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Interview with Katie Evans, Ph.D.

Picture of KatieStudent Background

Hometown: Blue Springs, Missouri
Undergraduate Degree: B.S. in Mathematics from Truman State University
Ph.D. Thesis Advisors: Professors Tanzy Love and Sally W. Thurston
Thesis Title: Extensions to Model-Based Clustering for Mixed-Type Data: A New Model Framework, Variable Selection, and Outlier Detection

Why did you choose the University of Rochester?

When looking at graduate schools, I was interested in a university that was actively engaged in important research, but one that also cares about the success of their students. Personally, I wanted to pursue my statistics degree in a program with a biomedical “flair”, allowing me to apply my analytic skills to research which could ultimately help people. Since the Department of Biostatistics and Computational Biology is located in the University of Rochester Medical Center, I believed this program, in this school, would be a great fit.  I would have the same rigorous coursework as other statistical programs and the opportunity to use statistics in a medical setting at a university doing interesting and innovative research. During my first visit to the department at the medical center, I was overwhelmed by the supportive environment created by the students, faculty, and staff. I instantly felt that they were invested in me and would help give me the tools I needed to succeed.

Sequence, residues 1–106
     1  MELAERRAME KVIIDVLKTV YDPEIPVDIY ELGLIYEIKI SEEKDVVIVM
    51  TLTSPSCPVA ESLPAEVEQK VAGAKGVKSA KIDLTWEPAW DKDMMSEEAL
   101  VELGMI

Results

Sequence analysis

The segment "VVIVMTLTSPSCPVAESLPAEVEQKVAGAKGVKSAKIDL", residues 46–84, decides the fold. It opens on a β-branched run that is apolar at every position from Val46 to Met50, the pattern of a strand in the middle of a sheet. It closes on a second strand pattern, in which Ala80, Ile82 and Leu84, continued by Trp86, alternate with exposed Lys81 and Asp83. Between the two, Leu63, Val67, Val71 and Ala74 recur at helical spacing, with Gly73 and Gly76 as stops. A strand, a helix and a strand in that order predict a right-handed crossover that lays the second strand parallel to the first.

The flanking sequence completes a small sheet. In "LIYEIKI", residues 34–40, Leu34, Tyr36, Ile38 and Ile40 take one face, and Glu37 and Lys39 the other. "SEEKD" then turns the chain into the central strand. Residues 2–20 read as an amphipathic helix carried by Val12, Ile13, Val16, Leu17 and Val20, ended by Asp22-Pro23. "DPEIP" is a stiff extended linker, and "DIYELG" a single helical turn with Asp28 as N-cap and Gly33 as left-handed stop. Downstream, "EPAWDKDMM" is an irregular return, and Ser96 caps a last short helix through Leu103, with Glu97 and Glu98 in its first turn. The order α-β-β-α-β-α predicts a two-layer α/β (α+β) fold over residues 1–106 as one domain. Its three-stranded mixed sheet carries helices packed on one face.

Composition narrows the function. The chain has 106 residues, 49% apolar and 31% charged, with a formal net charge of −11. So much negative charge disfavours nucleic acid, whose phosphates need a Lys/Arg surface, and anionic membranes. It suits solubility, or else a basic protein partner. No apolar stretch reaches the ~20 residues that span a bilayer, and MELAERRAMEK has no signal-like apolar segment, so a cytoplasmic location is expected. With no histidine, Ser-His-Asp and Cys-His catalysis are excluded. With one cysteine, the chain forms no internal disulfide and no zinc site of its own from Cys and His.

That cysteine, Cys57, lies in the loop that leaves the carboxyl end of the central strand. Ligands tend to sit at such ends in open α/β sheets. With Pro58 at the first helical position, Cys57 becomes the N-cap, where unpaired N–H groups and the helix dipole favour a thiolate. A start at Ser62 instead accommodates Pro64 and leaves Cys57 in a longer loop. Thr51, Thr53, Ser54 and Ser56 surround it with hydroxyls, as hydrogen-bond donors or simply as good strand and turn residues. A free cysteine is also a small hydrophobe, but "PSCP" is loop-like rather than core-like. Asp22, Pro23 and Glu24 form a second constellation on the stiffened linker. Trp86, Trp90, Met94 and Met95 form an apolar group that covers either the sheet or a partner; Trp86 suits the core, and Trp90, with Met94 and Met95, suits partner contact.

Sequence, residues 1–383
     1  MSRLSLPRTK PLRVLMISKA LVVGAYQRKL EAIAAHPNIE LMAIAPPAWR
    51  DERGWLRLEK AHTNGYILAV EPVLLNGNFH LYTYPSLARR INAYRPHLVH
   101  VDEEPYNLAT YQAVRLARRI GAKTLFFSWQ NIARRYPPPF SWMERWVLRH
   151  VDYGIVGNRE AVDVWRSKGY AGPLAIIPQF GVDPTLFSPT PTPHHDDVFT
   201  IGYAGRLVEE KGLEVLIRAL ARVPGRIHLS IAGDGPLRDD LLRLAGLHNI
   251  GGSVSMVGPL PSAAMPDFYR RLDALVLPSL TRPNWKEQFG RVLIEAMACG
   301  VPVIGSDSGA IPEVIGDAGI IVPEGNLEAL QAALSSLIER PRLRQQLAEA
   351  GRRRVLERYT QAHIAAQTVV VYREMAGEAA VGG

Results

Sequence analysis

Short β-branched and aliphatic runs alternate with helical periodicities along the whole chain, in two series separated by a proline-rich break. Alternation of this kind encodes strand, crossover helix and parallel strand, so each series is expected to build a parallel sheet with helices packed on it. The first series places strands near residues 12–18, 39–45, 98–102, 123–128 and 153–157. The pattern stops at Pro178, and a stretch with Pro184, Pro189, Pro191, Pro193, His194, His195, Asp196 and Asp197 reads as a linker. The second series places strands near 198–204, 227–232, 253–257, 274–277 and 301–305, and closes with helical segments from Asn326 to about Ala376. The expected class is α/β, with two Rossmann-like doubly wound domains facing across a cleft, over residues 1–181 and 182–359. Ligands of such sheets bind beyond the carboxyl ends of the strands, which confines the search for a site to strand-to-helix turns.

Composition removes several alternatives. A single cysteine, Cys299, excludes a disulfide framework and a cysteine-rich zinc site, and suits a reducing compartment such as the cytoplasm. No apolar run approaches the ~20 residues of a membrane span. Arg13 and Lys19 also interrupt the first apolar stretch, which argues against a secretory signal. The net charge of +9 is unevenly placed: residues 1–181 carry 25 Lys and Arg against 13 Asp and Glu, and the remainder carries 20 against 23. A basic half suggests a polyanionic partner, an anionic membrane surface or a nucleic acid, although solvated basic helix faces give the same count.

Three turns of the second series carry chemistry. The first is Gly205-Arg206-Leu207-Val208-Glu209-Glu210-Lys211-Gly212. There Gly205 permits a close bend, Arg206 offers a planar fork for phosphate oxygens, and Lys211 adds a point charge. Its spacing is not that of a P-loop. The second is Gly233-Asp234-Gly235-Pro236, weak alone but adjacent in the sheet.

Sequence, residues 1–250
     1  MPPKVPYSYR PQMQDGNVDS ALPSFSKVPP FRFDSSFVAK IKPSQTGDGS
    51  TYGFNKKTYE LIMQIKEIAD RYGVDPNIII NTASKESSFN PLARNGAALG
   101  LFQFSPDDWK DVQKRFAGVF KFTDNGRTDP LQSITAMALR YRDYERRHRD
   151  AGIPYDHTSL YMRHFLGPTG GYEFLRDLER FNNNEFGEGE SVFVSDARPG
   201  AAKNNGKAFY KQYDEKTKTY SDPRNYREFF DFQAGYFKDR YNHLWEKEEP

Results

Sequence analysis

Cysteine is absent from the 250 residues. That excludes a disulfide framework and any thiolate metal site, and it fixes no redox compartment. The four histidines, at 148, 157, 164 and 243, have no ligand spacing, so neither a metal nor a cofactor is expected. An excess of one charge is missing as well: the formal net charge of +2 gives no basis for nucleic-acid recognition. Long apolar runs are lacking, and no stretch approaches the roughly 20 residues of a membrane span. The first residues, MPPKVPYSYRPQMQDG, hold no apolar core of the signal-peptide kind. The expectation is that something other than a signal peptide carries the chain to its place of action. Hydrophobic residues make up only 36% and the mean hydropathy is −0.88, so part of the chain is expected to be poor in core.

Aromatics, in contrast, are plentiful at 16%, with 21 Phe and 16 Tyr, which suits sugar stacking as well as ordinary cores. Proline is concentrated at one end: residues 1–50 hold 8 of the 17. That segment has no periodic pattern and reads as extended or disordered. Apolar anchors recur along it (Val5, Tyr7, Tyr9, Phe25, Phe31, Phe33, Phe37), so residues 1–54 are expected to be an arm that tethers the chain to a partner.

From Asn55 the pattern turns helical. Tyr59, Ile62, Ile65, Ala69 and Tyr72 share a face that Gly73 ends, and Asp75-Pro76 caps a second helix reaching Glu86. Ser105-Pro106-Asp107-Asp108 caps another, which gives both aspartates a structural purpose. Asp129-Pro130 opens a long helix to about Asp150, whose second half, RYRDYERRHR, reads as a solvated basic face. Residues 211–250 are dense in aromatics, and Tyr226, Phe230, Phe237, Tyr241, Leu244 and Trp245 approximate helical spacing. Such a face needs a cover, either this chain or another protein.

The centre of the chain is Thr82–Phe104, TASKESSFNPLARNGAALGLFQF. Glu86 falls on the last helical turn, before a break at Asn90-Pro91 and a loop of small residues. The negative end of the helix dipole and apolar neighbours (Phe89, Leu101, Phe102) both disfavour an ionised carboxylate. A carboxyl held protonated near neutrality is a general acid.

Tell us about the program

The Department of Biostatistics and Computational Biology is a unique statistics program. The coursework is similar to what is offered in most statistics programs, but its location in the medical center is what sets it apart. Being a part of the Medical Center allows students to work with different professors on collaborations with a variety of researchers who ask unique questions from their datasets.

What are some of the things you have learned?

The importance of communication. Communication plays an important role in the field of statistics; our collaborations are multi‐disciplinary and it is important for statisticians and researchers to ask the right questions and to understand one another’s backgrounds when interpreting results. Also, as with any experience, it is important to take initiative and to become involved. By taking on new projects, working with a different professor, or attending a conference, taking steps out of my comfort zone has enabled me to discover which paths are right for me.

Any advice for prospective students?

Maintain a healthy work‐life balance! The advanced programs at University of Rochester require mental toughness and perseverance, but as a matter of well‐being, it is important to know when and how to relax. Luckily, at the university and in the greater community, Rochester offers a thriving cultural, social, and active scene.